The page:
The Advertising Club of Toronto hosted their sold-out Magazine Day event earlier this month. By popular demand, Good Housekeeping editor-in-chief Jane Francisco returned to talk about leading a venerable brand through massive transformation in a keynote conversation with St. Joseph Media’s Jacqueline Loch.
We are proud to have co-presented Jane Francisco’s keynote with St. Joseph Media. Here are a few of our highlights from her conversation:
- Partnerships and collaboration are now essential—with advertisers, suppliers and other publishers. For example, Hearst & Condé Nast are sharing operating resources with PubWorks.
- In a successful partnership, the emphasis should be on how magazines can deliver the right audience for partners, and act as a spokesperson for brands. Advertisers want content, engagement and connection with their audience.
- Re: content, you have to know your objectives and goals and have a connection strategy. This can be a big challenge for many organizations, including advertisers.
Measurement and Trust
- Are digital cutbacks coming? There still isn’t a proven digital formula. Meanwhile, traditional magazines have measurable scale and audience. With new media reporting ROI is difficult.
- Magazine brands deliver content expertise, engagement and trackable information. A magazine brand is a whole package, and that includes integrity and reputation. Endorsements that come from magazines are much more trusted by consumers.
- Influencers: that’s what magazine brands deliver. Brand clout. Editors are brand personalities, unmatched re: skills, with huge volume of followers: Good Housekeeping has 20 million measured readers.
- Good Housekeeping is also 131 years old. Many don’t see “old” as an asset, but it represents a trusted identity. GH was named Hottest Mag of the Year by Adweek last year, and one of the hottest by AdAge.
Industry Disruption and the Future
- The challenge with agency media planners is to get them to connect personally with your magazine and your brand. Not easy when the target audience is very different.
- Magazine industry disruption: greater reach and readership, but ad dollars are still declining. There’s a lot of pressure to try new things, and digital media are cheap. But—different audiences, different levels of engagement.
- Meredith’s acquisition of Time: Meredith has Midwest efficiency and scale, but Time is larger. Hearst may buy some brands. All part of constant change. Francisco notes worries about losing magazines’ robust audience with all of this disruption.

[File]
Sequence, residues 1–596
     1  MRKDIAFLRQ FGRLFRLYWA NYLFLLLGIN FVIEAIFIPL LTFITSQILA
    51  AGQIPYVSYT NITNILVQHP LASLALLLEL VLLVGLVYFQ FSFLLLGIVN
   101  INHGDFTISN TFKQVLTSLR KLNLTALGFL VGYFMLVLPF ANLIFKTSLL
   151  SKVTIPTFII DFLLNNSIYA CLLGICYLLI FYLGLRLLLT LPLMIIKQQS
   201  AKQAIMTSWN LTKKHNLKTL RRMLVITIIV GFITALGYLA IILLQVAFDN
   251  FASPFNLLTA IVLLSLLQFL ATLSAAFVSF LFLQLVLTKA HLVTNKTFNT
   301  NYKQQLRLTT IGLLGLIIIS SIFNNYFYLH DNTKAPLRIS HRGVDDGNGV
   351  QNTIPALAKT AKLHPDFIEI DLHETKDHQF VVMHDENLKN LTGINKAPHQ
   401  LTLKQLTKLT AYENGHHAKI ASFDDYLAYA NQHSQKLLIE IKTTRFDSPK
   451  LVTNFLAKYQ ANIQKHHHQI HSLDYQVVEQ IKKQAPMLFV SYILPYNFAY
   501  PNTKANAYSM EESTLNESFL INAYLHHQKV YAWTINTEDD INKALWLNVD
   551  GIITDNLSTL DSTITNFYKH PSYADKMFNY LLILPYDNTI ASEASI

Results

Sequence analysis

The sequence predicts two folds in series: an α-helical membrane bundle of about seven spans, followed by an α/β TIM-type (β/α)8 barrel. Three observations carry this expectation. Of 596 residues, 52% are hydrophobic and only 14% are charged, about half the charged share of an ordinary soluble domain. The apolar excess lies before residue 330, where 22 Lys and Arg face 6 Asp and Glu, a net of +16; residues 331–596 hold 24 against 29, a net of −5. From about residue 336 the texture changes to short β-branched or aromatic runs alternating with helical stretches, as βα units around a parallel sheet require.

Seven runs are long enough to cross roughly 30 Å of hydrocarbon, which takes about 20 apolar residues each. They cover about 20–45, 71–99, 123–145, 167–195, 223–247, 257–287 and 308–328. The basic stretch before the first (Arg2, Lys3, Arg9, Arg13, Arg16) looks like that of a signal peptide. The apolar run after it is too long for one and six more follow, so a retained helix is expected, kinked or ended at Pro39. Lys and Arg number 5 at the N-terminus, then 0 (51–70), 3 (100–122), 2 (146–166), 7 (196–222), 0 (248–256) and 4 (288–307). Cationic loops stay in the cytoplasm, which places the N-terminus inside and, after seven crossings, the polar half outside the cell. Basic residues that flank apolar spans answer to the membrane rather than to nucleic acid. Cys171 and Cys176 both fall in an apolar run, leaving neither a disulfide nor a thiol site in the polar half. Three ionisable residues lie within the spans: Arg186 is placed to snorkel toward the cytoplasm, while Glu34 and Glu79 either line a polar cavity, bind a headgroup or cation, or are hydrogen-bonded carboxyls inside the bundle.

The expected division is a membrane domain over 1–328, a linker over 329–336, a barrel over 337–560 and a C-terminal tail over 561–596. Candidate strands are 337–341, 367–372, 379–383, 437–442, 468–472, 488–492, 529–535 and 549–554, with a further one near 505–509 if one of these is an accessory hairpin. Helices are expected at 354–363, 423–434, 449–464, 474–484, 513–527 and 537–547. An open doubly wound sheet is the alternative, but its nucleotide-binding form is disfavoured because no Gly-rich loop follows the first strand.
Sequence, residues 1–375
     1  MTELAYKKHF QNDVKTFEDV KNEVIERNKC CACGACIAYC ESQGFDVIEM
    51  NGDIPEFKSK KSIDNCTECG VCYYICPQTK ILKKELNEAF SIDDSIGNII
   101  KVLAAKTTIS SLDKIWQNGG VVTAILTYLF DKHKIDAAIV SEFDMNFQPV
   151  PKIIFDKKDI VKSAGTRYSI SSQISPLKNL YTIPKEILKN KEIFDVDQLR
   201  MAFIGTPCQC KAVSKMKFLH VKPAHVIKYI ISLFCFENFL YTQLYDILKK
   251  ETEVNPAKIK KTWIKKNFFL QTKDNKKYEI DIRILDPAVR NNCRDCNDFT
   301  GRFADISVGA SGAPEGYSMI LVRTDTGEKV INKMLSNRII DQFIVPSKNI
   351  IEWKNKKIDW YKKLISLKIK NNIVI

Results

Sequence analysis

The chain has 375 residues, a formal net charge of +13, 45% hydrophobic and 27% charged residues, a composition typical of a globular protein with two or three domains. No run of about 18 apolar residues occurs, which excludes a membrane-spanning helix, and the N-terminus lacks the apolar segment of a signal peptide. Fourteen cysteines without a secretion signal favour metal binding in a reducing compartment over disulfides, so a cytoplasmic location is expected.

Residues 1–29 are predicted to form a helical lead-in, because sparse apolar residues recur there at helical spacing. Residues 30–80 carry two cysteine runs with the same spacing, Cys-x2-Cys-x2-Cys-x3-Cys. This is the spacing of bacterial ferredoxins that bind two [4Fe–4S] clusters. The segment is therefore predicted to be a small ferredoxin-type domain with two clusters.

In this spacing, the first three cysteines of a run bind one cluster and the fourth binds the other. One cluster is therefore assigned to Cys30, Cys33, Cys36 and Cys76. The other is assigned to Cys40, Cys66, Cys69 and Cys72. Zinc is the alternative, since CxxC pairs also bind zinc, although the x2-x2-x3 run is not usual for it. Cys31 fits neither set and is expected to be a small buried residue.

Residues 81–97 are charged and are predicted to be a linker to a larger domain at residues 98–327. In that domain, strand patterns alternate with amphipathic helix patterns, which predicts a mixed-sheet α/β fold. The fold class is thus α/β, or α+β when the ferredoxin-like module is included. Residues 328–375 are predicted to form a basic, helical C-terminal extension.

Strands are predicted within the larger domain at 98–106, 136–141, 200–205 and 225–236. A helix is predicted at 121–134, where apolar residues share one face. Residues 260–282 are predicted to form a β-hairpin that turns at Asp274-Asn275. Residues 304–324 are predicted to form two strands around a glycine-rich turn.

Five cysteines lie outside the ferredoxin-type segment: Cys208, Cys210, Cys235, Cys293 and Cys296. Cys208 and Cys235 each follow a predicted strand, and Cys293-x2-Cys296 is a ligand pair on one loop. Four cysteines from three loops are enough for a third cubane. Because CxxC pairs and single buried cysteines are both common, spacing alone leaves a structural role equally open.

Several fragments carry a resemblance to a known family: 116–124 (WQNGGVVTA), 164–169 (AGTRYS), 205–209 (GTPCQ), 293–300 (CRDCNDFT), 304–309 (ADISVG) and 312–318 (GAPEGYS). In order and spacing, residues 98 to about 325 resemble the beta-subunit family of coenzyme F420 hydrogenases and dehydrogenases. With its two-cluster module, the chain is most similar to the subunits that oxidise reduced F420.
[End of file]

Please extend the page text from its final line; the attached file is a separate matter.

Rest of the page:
- Future of print: a luxury item? Yes, for some magazines. Francisco doesn’t believe that all current magazine brands are sustainable. Digital formats offer volume and velocity of content. Print format is well suited to presenting selective, curated content—a “best of” collection, or targeted to enthusiasts.
- For Canadian magazines, scale is important. Multi-title publishers need to provide the greatest support to their strongest brands. The current climate is very hard when a publisher competes with itself via multiple titles.
- Magazines can provide amazing audiences. Clients and advertisers as partners is the only way to survive. Magazines must take the chance to be relevant.
Jane Francisco is the Editor-in-Chief of Good Housekeeping and Editorial Director of the Hearst Lifestyle Group, which includes Good Housekeeping, Redbook, Woman’s Day and Dr. Oz The Good Life. Under her leadership, Good Housekeeping was named to Adweek’s Hot List as the Hottest Women’s Magazine in 2016 and one of Advertising Age’s Hottest Magazines of the Year for 2016. Good Housekeeping now inspires a cross-platform audience of over 30 million women. Previously, Francisco was Editor-in-Chief of Chatelaine.
Interested in hearing more about Jane’s magazine career? In addition to her well-received talk at Magazine Day, Jane was also the MagNet Marquee speaker at our 2017 national magazine conference.
Magazine Day 2017 was produced by the Advertising Club of Toronto and held on December 1 in Toronto at the Four Seasons Hotel. It was a sold-out event with 180 people in attendance, from both agencies and magazines. Magazine Day is focused towards agency planners and buyers, as well as magazine sales reps, publishers and editorial teams.
The Ad Club of Toronto also announced this year’s Merit Award recipient at Magazine Day—Mitch Dent! Dent has been a passionate publisher and promoter of the Canadian magazine industry for more than 25 years. His career in media was built on a solid foundation in the magazine industry, which began in 1990 at Today’s Parent Group acting as Publisher and eventually President. Working with the team on Richmond St., he was a key partner in the explosive growth of Today’s Parent culminating in the sale of the brand to Rogers in the late 1990s, where Mitch eventually graduated to SVP Sales for Rogers Magazines. In his current role as Senior Vice President of Media Sales at Blue Ant Media, Mitch oversees ad sales for the company’s eight multi-platform passion brands as well as the company’s brand studio. Blue Ant Plus, which specializes in custom content creation and social media management for marketers and agencies.
The Advertising Club of Toronto is a not-for-profit organization that serves the advertising industry and all its related services, including media, creative, production, advertising and marketing. The AdClub’s mandate is to raise and distribute charitable funds by organizing events that present the newest ideas and developments in the advertising industry and create social and business networking opportunities for ad industry colleagues. Visit adclub.ca.
For more information, please contact Tim Hughes at email@example.com.